The perpetual prospector with a chisel beak
There were three wise-looking crinkled old rooks poking about where hard sunlight had softened the ground.
A green space was a small oasis at a road junction where traffic waited patiently in lines. The corvids were joined by a handful, of starlings, once prolific urban busybodies, now a scarce sight. These started work immediately at the grassy place, sinking beaks with vigour.
The crows shuffled about, hoping to find something in the detritus left by weather and motor tyres. As the traffic moved so did they, bored by the futility of searching. One would wonder about their survival, patiently scavenging, finding little to eat. But they are resourceful birds for all their world-worn looks. Patience sometimes pays off. The starlings had attacked the green patch like carpet-beaters, finding invertebrates in the softening loam. They never give up.
At the seashore by a coastal town to where I had been bound, I was immediately reminded of St Brigid, a pious abbess of Kildare in early Christian times, tradition holds, because of a fine flock of a different bird species covering an area of football pitch size.
The calm sea stretched before us, the Mourne's sharp shadows of grey to the north. There was not a sail in sight. The oystercatchers knew, like the starlings, where to find a ready meal. Years before I had once tried to explain their name to a small boy, now an adult, at this place: "They don't catch oysters."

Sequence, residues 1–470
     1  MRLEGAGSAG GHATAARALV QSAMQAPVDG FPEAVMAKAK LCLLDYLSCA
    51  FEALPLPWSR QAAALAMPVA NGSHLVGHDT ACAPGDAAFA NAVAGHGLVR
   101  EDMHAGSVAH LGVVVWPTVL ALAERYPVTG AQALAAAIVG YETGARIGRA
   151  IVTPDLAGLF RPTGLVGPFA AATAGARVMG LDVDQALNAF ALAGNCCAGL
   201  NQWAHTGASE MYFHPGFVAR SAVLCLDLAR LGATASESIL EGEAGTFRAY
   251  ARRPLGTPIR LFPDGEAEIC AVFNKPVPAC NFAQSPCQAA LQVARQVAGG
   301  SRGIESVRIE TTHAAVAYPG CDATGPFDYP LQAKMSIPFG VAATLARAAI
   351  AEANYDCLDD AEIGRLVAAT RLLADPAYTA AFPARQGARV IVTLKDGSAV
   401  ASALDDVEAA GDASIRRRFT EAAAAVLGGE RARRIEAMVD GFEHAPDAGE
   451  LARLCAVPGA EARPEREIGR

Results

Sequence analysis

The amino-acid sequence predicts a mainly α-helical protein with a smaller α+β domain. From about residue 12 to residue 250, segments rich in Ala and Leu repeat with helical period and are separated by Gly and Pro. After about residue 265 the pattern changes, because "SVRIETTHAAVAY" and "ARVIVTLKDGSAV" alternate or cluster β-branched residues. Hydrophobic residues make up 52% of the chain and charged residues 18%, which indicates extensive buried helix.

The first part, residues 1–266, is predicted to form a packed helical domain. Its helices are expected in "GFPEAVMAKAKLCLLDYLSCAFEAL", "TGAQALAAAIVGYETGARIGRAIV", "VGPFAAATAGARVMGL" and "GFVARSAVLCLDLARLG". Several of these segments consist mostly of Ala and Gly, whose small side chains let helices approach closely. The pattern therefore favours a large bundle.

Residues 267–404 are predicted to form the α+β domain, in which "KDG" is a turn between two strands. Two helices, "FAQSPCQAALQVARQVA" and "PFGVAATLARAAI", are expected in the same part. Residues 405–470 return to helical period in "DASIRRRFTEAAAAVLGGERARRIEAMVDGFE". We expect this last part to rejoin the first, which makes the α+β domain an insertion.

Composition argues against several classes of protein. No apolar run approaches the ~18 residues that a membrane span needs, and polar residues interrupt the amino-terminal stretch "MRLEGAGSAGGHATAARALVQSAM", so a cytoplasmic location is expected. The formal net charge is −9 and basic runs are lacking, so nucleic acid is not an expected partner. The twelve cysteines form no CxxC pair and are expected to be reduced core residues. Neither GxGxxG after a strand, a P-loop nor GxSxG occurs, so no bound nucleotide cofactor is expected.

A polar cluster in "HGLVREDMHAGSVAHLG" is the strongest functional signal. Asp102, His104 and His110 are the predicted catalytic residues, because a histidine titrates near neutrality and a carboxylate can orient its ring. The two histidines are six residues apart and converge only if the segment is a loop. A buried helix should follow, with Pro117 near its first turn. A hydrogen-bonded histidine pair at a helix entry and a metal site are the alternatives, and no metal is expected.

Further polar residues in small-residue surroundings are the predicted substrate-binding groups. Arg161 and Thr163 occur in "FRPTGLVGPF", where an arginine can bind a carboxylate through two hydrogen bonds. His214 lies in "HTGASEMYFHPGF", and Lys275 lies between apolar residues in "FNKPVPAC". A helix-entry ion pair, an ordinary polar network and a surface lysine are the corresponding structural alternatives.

Time passes, birds seem the same but of course are not. The pattern of behaviour remains. Man's presence did not deter these busy feeders. Oystercatcher is an American name for this bird which, when it cannot find cockles by digging or mussels to rip in rock pools, will plunge for earthworms in the nearest field. It has a remarkable beak, a bone-strengthened bill, part hammer, part chisel which can chop shell-fish from rocks but which also at the tip has corpuscles that enable it to sense by touch so that it can forage after dark. That carrot-red to yellow bill enables the bird to be a perpetual prospector, altering its use from mussel blade to worm teaser.
The Saint Brigid connection is from the bird's old West of Ireland name, Giolla Brid, or Brigid's page or messenger. Monday last was her feast day, once widely remembered ceremoniously in an older Ireland.
Giolla Brid was the name given to the bird as great flocks which wintered along the Connacht coastline began to thin out as January ran its course. This was a sign, people said, that the saint's day was drawing near. It is the beginning of Imbolc, the Celtic marking of spring's arrival, from pre-Christian times and, some sources say, an original Brigid was an earth goddess who was "transformed into a saint by the early Christian Church" (Fergus Kelly in "Early Irish Farming" - School of Celtic Studies).
Oystercatchers are portly with sturdy pink legs, head and breast glossy black, underparts white.
Large white bars on broad black wings make a dazzling flight pattern.
They can be seen year round skimming over the waves. Winter flocks arrive from Scotland and Iceland. Main nesting sites are in Norway and Belgium although an estimated 4,000 pairs remain to breed here. The nest is a simple scrape on sandy shorelines.